The language that you use will also be judged. Avoid text or messenger style of writing and the use of slang, because let’s be fair, that’s not what universities are looking for in a personal statement.
Never write your statement on the UCAS personal statement page
Next up is one of the most important university personal statement tips. Students should write their personal statement within a word document where they can check spelling and grammar as well as being able to use a programme they understand. However, after each paragraph, you should then copy your statement back into the UCAS page to see how many lines or characters you have used.
Remember you are only allowed to have 47 lines or 4000 characters worth of space. This is different to a word count and can be easily misunderstood. One scenario that can make you panic is that you write this amazing statement and check the line count before submission to find out you are extremely over the limit!
The ending of your personal statement is another key element to keep in mind. There is no right or wrong way to end your personal statement, however, we recommend two key elements: Make it personal and reinforce the key messages you've made earlier in the statement. These are the fundamental tenents to a good personal statement conclusion and will ensure that you sign off the statement in a meaningful way.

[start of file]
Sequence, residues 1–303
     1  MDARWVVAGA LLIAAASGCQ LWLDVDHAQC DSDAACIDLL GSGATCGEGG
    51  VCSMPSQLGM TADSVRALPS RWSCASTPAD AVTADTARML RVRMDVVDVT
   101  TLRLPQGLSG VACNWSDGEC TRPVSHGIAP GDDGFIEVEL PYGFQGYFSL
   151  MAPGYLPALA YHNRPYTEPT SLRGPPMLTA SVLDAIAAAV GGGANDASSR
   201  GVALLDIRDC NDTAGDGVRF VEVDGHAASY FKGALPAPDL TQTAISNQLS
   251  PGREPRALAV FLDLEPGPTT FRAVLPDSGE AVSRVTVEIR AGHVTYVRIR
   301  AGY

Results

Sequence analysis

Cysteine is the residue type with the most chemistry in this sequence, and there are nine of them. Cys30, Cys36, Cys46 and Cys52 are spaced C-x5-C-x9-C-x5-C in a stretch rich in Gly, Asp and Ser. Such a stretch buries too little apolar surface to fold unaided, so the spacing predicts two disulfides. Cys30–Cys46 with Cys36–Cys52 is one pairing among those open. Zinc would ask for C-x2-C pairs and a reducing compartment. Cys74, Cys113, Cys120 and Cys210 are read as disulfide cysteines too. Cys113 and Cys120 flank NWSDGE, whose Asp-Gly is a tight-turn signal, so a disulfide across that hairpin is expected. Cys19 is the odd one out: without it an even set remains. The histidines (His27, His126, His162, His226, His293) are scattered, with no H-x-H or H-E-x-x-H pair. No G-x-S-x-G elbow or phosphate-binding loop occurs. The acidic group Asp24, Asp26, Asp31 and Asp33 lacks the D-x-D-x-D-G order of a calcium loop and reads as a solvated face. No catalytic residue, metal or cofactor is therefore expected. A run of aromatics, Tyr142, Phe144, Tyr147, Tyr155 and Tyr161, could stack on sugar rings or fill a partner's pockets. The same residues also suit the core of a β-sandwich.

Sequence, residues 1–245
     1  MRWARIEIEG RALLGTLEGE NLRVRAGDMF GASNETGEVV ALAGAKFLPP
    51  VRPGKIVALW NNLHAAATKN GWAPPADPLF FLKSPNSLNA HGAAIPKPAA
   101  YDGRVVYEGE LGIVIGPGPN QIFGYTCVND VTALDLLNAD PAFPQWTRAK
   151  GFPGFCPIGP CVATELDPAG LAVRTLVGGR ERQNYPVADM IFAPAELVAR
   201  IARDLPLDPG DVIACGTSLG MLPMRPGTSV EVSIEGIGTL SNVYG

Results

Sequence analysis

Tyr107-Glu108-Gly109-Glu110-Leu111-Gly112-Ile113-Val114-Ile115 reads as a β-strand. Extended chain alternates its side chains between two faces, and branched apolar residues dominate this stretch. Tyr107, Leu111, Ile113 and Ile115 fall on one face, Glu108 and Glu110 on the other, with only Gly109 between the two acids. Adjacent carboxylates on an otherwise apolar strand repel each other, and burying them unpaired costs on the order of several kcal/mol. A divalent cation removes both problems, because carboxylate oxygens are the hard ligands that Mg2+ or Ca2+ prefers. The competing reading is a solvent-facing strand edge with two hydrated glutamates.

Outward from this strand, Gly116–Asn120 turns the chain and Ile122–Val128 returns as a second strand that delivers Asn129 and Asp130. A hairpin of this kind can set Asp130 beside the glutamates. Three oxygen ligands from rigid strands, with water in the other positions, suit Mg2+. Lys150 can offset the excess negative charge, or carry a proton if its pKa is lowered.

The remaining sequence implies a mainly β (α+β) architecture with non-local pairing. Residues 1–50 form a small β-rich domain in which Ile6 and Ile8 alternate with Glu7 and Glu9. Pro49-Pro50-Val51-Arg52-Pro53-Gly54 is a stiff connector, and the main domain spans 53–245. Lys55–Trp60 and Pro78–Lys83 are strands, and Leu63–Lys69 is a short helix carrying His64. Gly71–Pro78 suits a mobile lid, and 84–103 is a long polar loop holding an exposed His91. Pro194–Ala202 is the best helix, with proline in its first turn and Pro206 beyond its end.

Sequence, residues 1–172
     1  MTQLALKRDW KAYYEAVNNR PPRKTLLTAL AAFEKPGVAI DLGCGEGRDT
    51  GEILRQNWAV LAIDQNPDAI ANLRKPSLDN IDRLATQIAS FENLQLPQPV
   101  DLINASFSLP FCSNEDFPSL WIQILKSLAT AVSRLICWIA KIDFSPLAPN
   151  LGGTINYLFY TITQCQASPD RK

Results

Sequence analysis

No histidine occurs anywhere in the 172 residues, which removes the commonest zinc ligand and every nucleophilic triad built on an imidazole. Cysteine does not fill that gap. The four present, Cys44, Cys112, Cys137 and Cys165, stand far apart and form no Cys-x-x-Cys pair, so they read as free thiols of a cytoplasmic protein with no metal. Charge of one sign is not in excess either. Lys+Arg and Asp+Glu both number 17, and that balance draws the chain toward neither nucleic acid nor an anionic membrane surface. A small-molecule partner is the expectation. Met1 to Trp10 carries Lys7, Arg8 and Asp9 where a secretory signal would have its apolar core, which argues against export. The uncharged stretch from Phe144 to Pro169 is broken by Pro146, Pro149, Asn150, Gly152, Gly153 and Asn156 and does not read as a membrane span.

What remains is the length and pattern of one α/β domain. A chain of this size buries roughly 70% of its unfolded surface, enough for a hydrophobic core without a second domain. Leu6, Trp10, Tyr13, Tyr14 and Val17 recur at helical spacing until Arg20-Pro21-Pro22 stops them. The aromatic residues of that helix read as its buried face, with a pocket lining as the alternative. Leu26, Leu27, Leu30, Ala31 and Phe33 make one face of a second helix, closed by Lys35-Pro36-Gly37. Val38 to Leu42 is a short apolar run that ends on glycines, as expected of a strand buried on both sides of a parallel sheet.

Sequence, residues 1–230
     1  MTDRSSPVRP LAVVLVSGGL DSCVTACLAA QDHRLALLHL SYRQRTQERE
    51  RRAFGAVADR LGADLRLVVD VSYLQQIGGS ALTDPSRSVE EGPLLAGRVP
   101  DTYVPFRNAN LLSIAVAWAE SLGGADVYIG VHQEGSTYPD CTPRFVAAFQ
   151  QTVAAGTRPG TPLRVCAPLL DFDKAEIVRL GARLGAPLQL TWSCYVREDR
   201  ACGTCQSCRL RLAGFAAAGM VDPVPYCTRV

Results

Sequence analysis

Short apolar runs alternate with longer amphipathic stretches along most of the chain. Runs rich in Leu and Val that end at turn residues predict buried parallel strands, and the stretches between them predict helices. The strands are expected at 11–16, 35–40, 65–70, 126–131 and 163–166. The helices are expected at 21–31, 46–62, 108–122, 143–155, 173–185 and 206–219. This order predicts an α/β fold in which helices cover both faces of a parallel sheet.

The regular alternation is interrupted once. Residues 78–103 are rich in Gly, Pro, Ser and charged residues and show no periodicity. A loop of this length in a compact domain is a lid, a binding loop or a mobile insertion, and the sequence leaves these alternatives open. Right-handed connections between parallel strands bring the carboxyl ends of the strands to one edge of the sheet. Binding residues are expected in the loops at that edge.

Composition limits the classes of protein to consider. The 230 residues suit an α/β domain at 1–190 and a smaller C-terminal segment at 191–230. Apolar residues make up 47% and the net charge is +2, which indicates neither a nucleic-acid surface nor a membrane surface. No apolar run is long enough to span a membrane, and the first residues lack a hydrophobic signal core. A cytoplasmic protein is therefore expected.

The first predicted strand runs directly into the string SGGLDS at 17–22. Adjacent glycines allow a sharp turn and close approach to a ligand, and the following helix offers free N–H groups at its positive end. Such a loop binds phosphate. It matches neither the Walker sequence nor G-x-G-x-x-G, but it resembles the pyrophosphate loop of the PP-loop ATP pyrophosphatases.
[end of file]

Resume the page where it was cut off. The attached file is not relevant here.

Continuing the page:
There is no need to feel that you have to explain any shortfalls or negative aspects of your application – especially if the university won’t pick up on this!
Try to be positive and interesting to the admission tutor, tell them about any side projects you’ve done if this will seem more relevant and worthwhile than how you completed your coursework.
Look at the university prospectus
Most of our tips for writing UCAS personal statement might seem pretty obvious, but this one is often overlooked by students.
Before writing your personal statement actually read the university website and prospectus. In most cases, institutions will describe the type of students they are looking for, whether that be innovative, creative or those with academic excellence. You need to look at these prospectus as thoroughly as possible because these will yield more information than you think.
Talk about you
It seems like one of the more obvious personal statement writing tips, but it’s the most important one. The purpose of the personal statement is for universities to find out about you because the basic information within the application won’t tell them this.
Try to include the following: what you like to do in your free time, subjects you study that maybe won’t be graded, sport and leisure activities, hobbies, musical instruments, prizes you’ve won, competitions you’ve entered, languages you speak or side projects you were involved in.